Fasting glucose levels may independently predict the risk of being hospitalized with congestive heart failure in heart attack survivors and others who are at high risk of developing the disorder, researchers reported in Circulation: Journal of the American Heart Association.
Drawing on data from 31,546 high-risk patients participating in two international trials, researchers found that even small increases in fasting glucose raised the risk of congestive heart failure in both diabetes patients and those whose blood sugar fell within the normal range.
"This illustrates that blood glucose by itself is a continuous risk factor for developing heart failure because all of these patients were free of heart failure when they enrolled in the trials," said Claes Held, M.D., Ph.D., lead author of the study.
"However, these are only associations," said Held, an associate professor of cardiology at the Karolinska Institutet in Stockholm, Sweden. "They do not prove that elevated blood glucose causes heart failure. To demonstrate a causal relationship, you would have to do a study that showed lowering blood glucose levels would reduce the incidence of heart failure."
About 5.2 million Americans evenly divided between males and females suffer from heart failure, according to the American Heart Association. Each year about 550,000 new cases are diagnosed and about 57,700 people die from it. Heart failure is a debilitating condition in which the heart fails to pump an adequate supply of blood throughout the body. Established heart failure risks include uncontrolled high blood pressure, diabetes and heart attack.
To examine the relationship between blood glucose levels and congestive heart failure, Held and colleagues performed an interim analysis on the blinded data from the ONgoing Telmisartan Alone and in combination with the Ramipril Global Endpoint Trial (ONTARGET) and Telmisartan Randomized AssessmeNt Study in aCE iNtolerant subjects with cardiovascular Disease (TRANSCEND) trials. Both were randomized, controlled, parallel clinical studies testing drug regimens aimed at reducing fatal and nonfatal cardiovascular events. ONTARGET had 25,620 patients enrolled and TRANSCEND had 5,926, and both included patients with and without diabetes. Researchers obtained fasting blood glucose levels for patients when they entered the trials and periodically thereafter.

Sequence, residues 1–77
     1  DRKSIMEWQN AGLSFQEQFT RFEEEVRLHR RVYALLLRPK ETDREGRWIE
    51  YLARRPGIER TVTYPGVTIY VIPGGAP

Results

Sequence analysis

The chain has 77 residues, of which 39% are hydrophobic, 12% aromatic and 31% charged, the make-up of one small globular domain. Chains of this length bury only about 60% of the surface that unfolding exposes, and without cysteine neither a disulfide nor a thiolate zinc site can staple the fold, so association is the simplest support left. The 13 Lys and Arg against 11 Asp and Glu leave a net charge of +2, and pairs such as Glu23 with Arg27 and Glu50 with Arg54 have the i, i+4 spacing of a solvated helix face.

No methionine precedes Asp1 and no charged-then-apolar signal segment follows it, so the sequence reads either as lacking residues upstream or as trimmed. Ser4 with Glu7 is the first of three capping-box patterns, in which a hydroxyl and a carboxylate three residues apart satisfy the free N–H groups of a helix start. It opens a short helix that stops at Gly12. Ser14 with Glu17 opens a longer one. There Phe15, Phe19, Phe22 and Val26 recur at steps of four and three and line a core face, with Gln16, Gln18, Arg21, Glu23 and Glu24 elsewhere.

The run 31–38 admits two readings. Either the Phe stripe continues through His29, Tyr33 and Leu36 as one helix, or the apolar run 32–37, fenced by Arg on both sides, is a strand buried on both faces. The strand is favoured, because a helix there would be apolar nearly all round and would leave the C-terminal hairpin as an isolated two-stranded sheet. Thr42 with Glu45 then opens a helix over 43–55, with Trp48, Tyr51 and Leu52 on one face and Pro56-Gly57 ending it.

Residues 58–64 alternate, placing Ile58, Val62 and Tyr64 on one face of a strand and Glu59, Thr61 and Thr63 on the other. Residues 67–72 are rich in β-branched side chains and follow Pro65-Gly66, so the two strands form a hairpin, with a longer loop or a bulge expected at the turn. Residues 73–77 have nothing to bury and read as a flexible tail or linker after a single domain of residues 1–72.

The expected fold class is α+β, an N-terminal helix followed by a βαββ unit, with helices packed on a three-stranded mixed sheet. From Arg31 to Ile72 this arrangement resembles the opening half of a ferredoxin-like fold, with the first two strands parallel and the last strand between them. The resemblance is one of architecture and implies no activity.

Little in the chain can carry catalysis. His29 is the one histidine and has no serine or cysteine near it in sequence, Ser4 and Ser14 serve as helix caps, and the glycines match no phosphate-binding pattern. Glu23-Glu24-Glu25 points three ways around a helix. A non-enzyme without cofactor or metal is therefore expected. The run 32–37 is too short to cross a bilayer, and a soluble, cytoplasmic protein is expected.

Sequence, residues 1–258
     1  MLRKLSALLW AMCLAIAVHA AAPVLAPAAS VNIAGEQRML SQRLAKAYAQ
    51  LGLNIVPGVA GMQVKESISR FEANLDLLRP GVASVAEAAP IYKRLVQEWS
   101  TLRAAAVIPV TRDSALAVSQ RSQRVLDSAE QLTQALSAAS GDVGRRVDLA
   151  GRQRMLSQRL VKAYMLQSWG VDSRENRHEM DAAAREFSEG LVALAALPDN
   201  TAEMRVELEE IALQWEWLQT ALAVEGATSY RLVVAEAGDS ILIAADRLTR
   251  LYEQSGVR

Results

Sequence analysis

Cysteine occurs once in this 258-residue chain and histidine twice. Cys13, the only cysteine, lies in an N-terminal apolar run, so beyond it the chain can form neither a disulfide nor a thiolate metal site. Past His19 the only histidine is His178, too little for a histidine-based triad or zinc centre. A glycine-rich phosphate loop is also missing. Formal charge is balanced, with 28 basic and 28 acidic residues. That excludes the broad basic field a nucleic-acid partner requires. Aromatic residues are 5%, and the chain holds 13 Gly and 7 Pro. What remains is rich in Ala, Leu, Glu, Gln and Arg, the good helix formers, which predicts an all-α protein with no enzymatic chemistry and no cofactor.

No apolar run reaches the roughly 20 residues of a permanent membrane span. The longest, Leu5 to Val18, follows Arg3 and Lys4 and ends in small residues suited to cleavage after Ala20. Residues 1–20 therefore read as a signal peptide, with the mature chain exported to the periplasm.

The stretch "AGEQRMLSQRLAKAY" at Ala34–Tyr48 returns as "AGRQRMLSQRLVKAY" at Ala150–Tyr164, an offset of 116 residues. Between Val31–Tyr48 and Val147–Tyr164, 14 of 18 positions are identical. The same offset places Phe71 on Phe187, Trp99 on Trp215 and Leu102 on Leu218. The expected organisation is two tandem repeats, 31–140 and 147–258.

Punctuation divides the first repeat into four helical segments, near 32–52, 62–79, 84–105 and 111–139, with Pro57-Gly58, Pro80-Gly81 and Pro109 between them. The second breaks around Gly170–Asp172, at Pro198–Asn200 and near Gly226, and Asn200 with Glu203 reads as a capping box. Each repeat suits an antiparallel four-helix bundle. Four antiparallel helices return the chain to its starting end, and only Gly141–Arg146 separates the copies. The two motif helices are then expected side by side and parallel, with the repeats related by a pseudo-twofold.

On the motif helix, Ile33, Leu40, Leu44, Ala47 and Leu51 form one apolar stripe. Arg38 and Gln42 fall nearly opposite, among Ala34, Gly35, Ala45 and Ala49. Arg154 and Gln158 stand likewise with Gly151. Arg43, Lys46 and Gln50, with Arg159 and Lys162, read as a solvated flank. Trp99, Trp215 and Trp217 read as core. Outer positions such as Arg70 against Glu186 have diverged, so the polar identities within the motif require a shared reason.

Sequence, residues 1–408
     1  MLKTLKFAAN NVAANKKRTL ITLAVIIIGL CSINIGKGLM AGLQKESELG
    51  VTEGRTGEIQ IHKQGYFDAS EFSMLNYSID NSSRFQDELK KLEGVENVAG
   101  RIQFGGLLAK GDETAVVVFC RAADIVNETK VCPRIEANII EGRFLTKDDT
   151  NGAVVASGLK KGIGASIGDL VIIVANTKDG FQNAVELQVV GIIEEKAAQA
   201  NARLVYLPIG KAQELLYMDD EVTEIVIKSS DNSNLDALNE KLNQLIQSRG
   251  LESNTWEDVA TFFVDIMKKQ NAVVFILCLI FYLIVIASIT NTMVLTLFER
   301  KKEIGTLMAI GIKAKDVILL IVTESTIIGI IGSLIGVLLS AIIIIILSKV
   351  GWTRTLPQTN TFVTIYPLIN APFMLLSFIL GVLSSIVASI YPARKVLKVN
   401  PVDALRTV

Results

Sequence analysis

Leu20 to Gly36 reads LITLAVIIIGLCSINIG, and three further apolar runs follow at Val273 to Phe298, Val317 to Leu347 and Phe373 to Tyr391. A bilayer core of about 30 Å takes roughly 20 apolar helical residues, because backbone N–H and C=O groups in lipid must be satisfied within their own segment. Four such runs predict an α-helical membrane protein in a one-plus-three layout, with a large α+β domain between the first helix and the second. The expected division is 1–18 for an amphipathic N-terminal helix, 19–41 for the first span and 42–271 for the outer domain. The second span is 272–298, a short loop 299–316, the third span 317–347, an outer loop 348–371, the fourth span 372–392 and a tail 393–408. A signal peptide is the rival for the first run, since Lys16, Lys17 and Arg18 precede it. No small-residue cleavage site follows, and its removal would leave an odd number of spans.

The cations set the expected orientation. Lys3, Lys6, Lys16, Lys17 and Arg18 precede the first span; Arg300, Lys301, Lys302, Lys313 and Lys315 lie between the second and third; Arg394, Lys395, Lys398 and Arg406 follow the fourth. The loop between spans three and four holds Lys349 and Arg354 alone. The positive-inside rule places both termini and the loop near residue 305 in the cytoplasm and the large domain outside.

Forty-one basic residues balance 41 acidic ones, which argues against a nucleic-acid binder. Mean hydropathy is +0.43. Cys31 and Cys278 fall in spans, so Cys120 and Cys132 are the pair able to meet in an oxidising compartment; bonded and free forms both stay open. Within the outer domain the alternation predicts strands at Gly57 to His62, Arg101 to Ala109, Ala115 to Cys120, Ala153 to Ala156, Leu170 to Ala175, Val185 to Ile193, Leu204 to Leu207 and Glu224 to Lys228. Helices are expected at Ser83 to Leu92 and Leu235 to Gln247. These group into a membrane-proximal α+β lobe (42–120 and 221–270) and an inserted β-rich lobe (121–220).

"We know that diabetes is a strong risk factor for cardiovascular disease including heart failure, but these studies included patients with and without diabetes," Held said. "This was a great opportunity to evaluate a broad population of high-risk individuals and study the association between blood glucose and cardiovascular disease, regardless of the diabetic state."
Patients in the two trials were average age 67 at entry, and 69 percent were men. Thirty-seven percent had been previously diagnosed with diabetes and 3.2 percent were diagnosed with the disease at the time of entry.
Patients were assigned to five groups based on their entry fasting blood glucose levels, measured in millimoles per liter of blood, or mmol/L. The lowest group had an average fasting blood glucose of 4.6 mmol/L and the highest had an average reading of 8.5 mmol/L.
The mmol/L is the international standard unit for measuring blood glucose. In the United States, blood glucose levels are usually reported in milligrams per deciliter, mg/dL. Multiplying the number of mmol/L by 18 converts the number to mg/dl.
Researchers analyzed data from patients with an average follow-up of 2.4 years. During this time there were:
- 1,067 cardiovascular deaths
- 926 heart attacks
- 823 strokes
- 668 hospitalizations for congestive heart failure
When the researchers examined fasting blood glucose levels alone as a risk factor by adjusting for other known risk factors, they found that, for all patients, an increase of 1 mmol/L above a patient's entry glucose level increased the risk of hospitalization for congestive heart failure by 5 percent.
Similarly, a 1 mmol/L rise increased the risk of congestive heart failure hospitalization or cardiovascular death by 9 percent for all patients, by 3 percent for patients without diabetes and by 5 percent for patients with diabetes.
"Even in the normal range, our results indicate that elevated blood glucose is associated with the risk of heart failure," Held said. "You can look at blood glucose much like blood pressure or cholesterol. Even if you have normal blood glucose, there is a gradual increase in risk wherever you start on the scale. If the blood sugar is "high normal" there is a higher risk than those with "low normal fasting blood glucose levels."
He and colleagues suggested several potential mechanisms for rising glucose levels which increase the risk of developing congestive heart failure.
"Individuals with disturbances in their glucose regulation usually have more coronary artery disease, which is a well known underlying risk factor for heart failure," Held said. "That is a strong explanation for our findings but the others are more speculative and hypothetical."
Co-authors are Hertzel C. Gerstein, M.D.; Salim Yusuf, M. D., D. Phil.; Feng Zhao, M.Sc.; Lutz Hilbrich, M.D.; Craig Anderson, Ph.D.; Peter Sleight, M.D.; and Koon Teo, M.D., Ph.D.
Held did the research during a sabbatical at Population Health Research Institute at McMaster University, Hamilton, Canada who originally initiated the trials. Boehringer-Ingelheim Pharma GmbH is the main sponsor of the study, a megatrial designed to study the secondary prevention of cardiovascular events in patients at high risk.
Statements and conclusions of study authors published in the American Heart Association scientific journals are solely those of the study authors and do not necessarily reflect association policy or position. The American Heart Association makes no representation or warranty as to their accuracy or reliability.